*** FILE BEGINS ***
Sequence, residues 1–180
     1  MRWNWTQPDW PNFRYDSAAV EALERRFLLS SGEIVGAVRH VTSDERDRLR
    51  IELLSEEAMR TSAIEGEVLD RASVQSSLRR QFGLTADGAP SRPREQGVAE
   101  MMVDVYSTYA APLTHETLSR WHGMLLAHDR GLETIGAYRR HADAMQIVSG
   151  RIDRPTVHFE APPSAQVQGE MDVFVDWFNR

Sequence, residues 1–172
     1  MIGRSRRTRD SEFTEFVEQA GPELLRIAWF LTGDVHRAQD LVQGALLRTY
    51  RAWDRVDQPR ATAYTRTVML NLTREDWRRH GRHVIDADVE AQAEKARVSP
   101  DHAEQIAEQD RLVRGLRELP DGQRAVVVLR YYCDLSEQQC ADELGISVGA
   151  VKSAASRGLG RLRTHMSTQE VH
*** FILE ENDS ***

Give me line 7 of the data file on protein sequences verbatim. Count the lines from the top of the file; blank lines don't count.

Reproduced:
     1  MIGRSRRTRD SEFTEFVEQA GPELLRIAWF LTGDVHRAQD LVQGALLRTY